# Using the integral test, how do you show whether ##sum 1/sqrt(n+1)## diverges or converges from n=1 to infinity

The integral test basically works from the definition of the integral (quick version: the integral is the accumulated sum of infinitely thin differential intervals ##dn## over a specified interval ##a->b##).

A paraphrased version of the integral test is as follows:

Let there be a function ##f(n) = a_n## where ##a_n## is a series lying within the domain ##[k,oo)##. There exists another function ##f(x)## that is continuouspositive, and decreasing such that the convergence or divergence of ##int_k^(oo)f(x)dx## determines the convergence or divergence of ##sum_(n=k)^(oo)a_n##, respectively.

So, essentially, we have to integrate this, which is indeed continuouspositive, and decreasing at ##[1,oo)##:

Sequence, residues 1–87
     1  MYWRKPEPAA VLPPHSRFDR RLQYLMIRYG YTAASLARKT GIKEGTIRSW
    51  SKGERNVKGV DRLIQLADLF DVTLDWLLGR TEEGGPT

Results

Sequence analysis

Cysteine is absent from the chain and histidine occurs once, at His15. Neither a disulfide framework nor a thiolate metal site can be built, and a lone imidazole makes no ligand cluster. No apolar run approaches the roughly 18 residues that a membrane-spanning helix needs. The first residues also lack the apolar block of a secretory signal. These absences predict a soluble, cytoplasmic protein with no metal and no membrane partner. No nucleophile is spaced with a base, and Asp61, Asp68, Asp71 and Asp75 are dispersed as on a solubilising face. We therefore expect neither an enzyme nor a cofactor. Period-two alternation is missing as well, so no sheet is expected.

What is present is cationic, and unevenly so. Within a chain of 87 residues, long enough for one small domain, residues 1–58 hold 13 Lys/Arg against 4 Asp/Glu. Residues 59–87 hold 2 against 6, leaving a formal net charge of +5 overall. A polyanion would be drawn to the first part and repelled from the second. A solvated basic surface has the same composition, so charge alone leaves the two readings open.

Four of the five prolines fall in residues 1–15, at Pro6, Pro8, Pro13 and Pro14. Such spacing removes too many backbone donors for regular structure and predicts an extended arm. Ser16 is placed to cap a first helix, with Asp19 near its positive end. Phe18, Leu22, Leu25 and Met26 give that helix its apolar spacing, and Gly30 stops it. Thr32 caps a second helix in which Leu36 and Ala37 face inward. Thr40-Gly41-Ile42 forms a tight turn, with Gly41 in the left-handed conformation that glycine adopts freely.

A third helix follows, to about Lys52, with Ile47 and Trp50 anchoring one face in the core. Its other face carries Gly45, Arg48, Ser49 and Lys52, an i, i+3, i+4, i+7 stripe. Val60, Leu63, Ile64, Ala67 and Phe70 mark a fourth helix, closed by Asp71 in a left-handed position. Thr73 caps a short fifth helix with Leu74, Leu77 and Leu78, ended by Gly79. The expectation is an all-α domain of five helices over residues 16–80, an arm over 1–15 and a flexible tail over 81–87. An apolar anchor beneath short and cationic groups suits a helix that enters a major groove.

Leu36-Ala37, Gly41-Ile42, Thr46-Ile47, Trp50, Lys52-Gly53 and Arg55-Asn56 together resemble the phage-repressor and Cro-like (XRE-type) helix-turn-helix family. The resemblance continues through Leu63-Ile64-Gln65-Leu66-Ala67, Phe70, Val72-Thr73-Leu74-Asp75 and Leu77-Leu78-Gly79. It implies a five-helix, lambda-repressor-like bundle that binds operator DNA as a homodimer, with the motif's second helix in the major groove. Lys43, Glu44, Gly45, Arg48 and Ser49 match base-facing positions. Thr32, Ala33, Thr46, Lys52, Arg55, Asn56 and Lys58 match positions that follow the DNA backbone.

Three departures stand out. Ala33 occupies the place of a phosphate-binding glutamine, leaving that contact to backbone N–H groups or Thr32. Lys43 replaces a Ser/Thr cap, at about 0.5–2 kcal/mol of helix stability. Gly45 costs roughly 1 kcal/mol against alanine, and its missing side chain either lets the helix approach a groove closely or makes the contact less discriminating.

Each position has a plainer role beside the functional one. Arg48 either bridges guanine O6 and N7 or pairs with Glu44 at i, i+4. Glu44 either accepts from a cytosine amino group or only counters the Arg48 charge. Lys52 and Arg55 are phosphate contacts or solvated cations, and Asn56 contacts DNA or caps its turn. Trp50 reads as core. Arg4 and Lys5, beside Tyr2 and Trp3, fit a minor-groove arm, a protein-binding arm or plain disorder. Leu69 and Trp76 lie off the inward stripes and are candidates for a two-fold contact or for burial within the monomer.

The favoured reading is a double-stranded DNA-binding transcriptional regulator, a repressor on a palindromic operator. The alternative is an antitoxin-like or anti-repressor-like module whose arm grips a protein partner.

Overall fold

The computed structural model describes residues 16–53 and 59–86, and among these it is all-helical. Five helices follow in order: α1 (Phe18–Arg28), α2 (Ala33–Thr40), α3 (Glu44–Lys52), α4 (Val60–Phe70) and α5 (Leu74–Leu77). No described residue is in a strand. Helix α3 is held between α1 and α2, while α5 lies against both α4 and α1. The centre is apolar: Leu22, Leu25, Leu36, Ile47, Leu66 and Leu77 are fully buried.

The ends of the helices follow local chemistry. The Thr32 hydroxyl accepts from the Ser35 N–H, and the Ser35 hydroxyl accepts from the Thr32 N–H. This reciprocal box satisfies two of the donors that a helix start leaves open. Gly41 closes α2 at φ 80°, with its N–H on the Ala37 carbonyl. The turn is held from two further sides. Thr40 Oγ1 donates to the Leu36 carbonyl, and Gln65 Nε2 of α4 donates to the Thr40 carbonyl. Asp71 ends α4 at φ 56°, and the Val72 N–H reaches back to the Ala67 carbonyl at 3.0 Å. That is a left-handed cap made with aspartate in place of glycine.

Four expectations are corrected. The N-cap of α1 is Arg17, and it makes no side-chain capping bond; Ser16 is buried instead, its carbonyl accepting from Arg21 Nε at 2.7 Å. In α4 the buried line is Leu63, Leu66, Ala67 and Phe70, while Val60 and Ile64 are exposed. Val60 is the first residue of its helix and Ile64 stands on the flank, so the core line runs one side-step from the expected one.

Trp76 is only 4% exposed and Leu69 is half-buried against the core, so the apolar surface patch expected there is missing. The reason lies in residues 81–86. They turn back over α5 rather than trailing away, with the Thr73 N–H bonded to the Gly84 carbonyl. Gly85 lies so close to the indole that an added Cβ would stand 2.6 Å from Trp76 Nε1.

##int_1^(oo)1/(sqrt(x+1))dx##

We can do that like so:

##= int_1^(oo)(x+1)^(-“1/2”)dx##

##= |[2(x+1)^(“1/2”)]|_1^(oo)##

At this point we know that ##sqrt(x+1)## is a constantly increasing function, so it has an “open” accumulation that can never stop without a well-defined right-end boundary. Basically, it’s a half-open integral that extends its domain forever and so it has no finite area.

##= 2(oo)^(“1/2”) – cancel(2(1+1)^(“1/2”))^”small”##

##=> oo##

The integral does not converge, and so the series does not converge either. QED

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